Asymptotes of Rational Functions....

In summary, rational functions with a numerator degree greater than the denominator degree by one unit will have one slant asymptote and no horizontal asymptotes, but possibly several vertical asymptotes. The number of slant asymptotes can increase if the numerator degree is greater than the denominator degree by two or more units. A curve can also cross its asymptotes, as long as it remains around the asymptotic line. Curved asymptotes are possible, as seen in the example $$\frac {x-x^2+x^4}{x^2-1}$$ and can also intersect their asymptotes, as shown in the function (-0.1*x^3+1x^2-3.5x+4)/x^2
  • #1
fog37
1,568
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TL;DR Summary
asymptotes of rational functions when numerator degree> denominator degree
Hello,
I know that functions can have or not asymptotes. Polynomials have none.

In the case of a rational functions, if the numerator degree > denominator degree by one unit, the rational function will have a) one slant asymptote and b) NO horizontal asymptotes, c) possibly several vertical asymptotes.
  • How many slant asymptotes can a rational function have when numerator degree > denominator degree by one unit? Always just a single one?
  • What happens if numerator degree >denominator degree by 2 or even more units? Does the rational function still have a single slant asymptote, none or more than one? For example, ##\frac {4x^5+2}{3x+2}##
Finally, I believe that a curve can even cross its asymptotes, either nearby or even far away (far up, far down, far left or far right), as long as the curve "remains around" the asymptotic line. For example, imagine a slant asymptote and the curve oscillating, and crossing it, but the curve navigates along the asymptote itself...

Thanks!
 
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  • #2
Divide by the highest power of x of the denominator and it should be clearer what happens for large x (where 1/x becomes negligible).
fog37 said:
Finally, I believe that a curve can even cross its asymptotes, either nearby or even far away (far up, far down, far left or far right), as long as the curve "remains around" the asymptotic line. For example, imagine a slant asymptote and the curve oscillating, and crossing it, but the curve navigates along the asymptote itself...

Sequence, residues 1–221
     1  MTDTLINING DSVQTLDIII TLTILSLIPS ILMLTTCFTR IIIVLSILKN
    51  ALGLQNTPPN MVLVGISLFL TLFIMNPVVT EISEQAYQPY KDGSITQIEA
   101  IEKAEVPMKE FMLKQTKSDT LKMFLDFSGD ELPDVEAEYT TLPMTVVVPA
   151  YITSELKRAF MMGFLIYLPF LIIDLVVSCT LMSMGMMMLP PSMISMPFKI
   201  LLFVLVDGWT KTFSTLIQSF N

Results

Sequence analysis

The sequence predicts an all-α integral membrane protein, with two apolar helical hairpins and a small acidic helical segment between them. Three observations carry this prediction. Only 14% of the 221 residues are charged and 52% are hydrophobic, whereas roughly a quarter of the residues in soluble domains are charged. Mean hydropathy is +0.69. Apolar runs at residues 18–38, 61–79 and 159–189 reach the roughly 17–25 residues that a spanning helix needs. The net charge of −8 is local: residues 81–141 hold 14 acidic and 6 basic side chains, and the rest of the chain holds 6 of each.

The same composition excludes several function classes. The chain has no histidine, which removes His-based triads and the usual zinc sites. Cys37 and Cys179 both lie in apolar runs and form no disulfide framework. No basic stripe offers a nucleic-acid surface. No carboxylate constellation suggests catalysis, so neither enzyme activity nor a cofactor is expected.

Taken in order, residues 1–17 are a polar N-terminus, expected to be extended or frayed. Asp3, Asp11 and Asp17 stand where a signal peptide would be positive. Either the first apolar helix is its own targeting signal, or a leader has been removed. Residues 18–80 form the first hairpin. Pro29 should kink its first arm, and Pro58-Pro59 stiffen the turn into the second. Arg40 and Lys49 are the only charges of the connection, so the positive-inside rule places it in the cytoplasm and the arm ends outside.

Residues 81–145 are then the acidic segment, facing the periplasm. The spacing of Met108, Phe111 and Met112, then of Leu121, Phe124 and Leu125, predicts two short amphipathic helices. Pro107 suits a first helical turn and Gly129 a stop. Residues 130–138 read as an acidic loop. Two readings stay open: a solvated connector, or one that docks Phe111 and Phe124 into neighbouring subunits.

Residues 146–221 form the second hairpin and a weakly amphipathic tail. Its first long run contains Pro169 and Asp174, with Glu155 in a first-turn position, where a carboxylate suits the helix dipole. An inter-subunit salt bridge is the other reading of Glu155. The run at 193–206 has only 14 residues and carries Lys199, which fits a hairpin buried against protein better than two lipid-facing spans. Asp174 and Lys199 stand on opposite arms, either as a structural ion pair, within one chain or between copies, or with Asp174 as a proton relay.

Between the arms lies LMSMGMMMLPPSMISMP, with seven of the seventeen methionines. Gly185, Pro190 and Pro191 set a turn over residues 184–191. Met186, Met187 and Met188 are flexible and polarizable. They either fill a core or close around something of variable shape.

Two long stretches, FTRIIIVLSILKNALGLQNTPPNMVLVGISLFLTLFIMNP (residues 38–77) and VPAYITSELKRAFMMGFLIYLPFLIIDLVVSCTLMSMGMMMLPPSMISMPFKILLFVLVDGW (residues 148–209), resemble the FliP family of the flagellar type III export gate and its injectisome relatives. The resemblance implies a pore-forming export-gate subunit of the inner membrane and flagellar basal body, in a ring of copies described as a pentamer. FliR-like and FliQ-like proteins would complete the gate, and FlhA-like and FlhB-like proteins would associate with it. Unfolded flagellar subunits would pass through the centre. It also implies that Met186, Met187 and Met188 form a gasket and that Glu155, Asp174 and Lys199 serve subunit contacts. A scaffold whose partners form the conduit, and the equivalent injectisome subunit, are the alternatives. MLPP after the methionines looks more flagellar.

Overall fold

For general functions yes, but a polynomial won't oscillate.
 
  • #3
Thank you. I did. When we do polynomial division, we get $$Q(x)+R(x)$$

the quotient ##Q(x)## is not a straight line. We neglect the remainder #R(x)## since it becomes extremely small. So far we have assumed that asymptotes are straight lines.

But what about curved asymptotes? I think they exist with no problem. I found this interesting example online: $$\frac {x-x^2+x^4}{x^2-1}$$ which appears to have a curved asymptote...

Thanks!
 
  • #4
Sure, you get ##f(x) \approx x^2## for large |x|.

While you can't get oscillations, here is a function that intersects its asymptote: (-0.1*x^3+1x^2-3.5x+4)/x^2
 

Related to Asymptotes of Rational Functions....

What are asymptotes of rational functions?

Asymptotes of rational functions are lines that a graph approaches but never crosses. They can be vertical, horizontal, or slant (oblique).

How do you find the vertical asymptotes of a rational function?

To find the vertical asymptotes, set the denominator of the rational function equal to zero and solve for the variable. The resulting values are the x-coordinates of the vertical asymptotes.

What is the significance of horizontal asymptotes in rational functions?

Horizontal asymptotes represent the behavior of the function as x approaches positive or negative infinity. They can indicate the overall trend of the graph and help in understanding the end behavior of the function.

Can a rational function have more than one asymptote?

Yes, a rational function can have multiple asymptotes. It can have both vertical and horizontal asymptotes, and in some cases, it can also have slant asymptotes.

How do you determine the slant asymptote of a rational function?

To find the slant asymptote, divide the numerator by the denominator using long division. The resulting quotient is the equation of the slant asymptote.

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